It’ll leave you broke, that’s why it’s called the record industry
I forgot who I am, trying to get them to remember me
We adapt and evolve, the problems just revolve
Industry creates the very problems that they try to solve
I know I trace my image way back to the beginning
We done lost so much, we don’t know when we winning
I’m hated, I’m loved, I’m both, I’m a challenge
I’m clean, I’m redeemed, I’m a recovering addict
I have baggage, I am damaged, I am unequally balanced
I’m a servant, but I have a room in the palace
Uh, never told a lie


3. Kings Kaleidoscope – Beyond Control

Kings Kaleidoscope’s story is very similar to Citizens and Saints mentioned above. Once a former worship band for the now defunct Mars Hill, Kings Kaleidoscope have come out on the other side, transcending the worship genre and making some incredible music. Chad Gardner, the master mind behind Kings Kaleidoscope is not your average frontman. He’s more of a composer, producer, and arranger. On the band’s second full length album, Beyond Control Gardner once again uses his skills to full effect, bringing in a menagerie of musicians and creating huge soaring songs inspired by rock, pop, electronic, ska, classical, hip-hop–you name it. And it all works together amazingly well. Unlike previous Kings Kaleidoscope releases Beyond Control has no hymns or other cover songs, it’s all originals this time around. Gardner who admittedly doesn’t love the lyric writing part of his job, enlisted Zach Bolen of the aforementioned Citizens and Saints to co-write many of the lyrics on this album. The lyrics are honest and powerful. There is a running theme of this life being “beyond” our control and how peace, joy, and freedom comes when giving that control over to God. Again this isn’t a worship album per se, and yet it’s deeply worshipful. I had the opportunity to see Kings Kaleidoscope live earlier this year, and first off, they are crazy good live. I’ve never seen or heard anything quite like what they do on stage. Secondly, it was definitely a worshipful experience… it was unexpected for me and yet it made sense. This album was really important to me this year. It encouraged me, brought me peace, and lifted my spirits. If you need a pick me up, look no further.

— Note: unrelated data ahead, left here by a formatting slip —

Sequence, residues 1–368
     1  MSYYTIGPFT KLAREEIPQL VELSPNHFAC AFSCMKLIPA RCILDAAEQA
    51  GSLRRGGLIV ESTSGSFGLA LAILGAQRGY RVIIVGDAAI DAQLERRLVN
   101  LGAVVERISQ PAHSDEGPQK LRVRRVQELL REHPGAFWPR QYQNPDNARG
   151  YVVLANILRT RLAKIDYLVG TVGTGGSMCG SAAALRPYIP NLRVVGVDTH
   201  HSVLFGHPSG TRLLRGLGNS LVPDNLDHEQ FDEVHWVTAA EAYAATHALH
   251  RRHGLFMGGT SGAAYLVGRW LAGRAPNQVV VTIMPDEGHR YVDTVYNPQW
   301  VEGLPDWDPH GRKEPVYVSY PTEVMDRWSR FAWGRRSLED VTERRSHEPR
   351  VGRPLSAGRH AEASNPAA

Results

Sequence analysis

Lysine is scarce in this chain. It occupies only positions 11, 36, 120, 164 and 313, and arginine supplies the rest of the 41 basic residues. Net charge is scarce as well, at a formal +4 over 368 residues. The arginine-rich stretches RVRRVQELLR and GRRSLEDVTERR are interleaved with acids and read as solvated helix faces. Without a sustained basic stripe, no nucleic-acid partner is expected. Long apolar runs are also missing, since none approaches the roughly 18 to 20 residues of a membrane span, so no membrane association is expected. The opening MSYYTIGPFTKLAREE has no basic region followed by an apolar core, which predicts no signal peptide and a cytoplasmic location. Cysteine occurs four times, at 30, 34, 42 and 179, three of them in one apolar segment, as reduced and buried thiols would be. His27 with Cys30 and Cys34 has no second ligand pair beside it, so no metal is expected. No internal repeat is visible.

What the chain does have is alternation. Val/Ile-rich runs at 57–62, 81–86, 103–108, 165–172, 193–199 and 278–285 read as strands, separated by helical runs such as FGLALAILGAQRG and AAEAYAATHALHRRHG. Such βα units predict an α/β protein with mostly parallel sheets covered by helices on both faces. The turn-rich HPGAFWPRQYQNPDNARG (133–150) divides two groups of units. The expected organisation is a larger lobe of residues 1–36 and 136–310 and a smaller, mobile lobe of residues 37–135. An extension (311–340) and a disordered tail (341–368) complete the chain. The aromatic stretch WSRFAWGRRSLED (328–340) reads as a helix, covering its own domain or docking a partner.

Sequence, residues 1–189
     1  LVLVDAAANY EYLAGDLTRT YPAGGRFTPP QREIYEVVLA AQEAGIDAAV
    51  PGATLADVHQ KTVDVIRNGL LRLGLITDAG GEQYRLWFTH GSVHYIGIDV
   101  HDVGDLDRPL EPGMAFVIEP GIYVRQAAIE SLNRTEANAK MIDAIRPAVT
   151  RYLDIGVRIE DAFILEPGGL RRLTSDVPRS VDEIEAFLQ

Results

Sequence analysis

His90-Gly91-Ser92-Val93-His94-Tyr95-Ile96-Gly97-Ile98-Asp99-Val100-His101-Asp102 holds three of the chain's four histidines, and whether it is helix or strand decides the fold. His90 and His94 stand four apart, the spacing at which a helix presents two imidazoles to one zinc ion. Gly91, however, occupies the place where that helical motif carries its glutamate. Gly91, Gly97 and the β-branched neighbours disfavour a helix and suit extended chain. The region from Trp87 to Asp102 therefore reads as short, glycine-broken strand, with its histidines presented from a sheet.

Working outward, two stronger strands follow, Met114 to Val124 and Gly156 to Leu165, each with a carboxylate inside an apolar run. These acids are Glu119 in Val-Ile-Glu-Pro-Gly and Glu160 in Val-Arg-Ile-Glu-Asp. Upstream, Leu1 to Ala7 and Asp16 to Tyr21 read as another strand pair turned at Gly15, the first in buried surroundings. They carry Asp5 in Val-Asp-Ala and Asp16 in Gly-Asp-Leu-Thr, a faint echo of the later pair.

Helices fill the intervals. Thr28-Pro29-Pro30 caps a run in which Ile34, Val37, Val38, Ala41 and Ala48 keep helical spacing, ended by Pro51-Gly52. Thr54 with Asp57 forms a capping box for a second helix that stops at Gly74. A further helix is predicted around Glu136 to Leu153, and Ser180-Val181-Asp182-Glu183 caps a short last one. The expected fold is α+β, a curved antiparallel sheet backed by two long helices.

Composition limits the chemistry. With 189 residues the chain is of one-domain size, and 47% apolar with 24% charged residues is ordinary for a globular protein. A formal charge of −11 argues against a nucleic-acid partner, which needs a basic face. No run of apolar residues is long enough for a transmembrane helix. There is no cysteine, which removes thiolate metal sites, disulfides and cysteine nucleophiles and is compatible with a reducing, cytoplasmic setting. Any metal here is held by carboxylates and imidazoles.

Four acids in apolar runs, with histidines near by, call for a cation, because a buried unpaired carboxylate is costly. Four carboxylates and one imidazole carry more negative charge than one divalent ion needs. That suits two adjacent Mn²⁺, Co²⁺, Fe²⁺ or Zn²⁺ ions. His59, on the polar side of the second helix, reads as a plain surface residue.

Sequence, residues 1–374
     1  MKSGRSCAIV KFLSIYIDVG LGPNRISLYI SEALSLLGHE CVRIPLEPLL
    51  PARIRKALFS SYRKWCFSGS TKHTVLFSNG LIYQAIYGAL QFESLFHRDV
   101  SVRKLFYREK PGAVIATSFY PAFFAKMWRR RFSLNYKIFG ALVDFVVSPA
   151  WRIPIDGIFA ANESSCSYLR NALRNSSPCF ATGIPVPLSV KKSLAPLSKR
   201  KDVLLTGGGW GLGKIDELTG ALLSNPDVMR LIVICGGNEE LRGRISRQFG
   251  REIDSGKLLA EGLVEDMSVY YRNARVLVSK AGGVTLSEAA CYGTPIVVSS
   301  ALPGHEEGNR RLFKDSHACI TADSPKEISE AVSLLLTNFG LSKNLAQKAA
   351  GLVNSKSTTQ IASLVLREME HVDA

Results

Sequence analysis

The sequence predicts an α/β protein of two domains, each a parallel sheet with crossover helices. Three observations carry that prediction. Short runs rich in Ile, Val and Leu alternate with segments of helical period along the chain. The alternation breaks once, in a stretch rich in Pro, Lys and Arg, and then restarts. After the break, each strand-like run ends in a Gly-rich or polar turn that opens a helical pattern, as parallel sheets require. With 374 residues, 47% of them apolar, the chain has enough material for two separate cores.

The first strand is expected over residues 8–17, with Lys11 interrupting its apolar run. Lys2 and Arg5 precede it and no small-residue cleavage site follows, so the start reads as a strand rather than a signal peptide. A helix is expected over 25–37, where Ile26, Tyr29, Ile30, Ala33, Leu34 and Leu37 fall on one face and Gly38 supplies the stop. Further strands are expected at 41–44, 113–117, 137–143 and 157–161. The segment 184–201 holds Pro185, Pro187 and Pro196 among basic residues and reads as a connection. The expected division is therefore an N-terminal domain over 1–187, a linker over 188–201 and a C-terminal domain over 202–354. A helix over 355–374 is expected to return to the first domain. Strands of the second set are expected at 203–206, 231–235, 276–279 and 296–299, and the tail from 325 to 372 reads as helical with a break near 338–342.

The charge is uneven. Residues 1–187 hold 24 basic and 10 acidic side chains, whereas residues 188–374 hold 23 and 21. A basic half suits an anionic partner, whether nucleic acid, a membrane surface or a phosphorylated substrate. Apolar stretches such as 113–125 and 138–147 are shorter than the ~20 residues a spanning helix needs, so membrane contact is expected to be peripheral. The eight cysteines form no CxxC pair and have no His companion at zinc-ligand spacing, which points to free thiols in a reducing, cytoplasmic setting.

2. Thao & The Get Down Stay Down – A Man Alive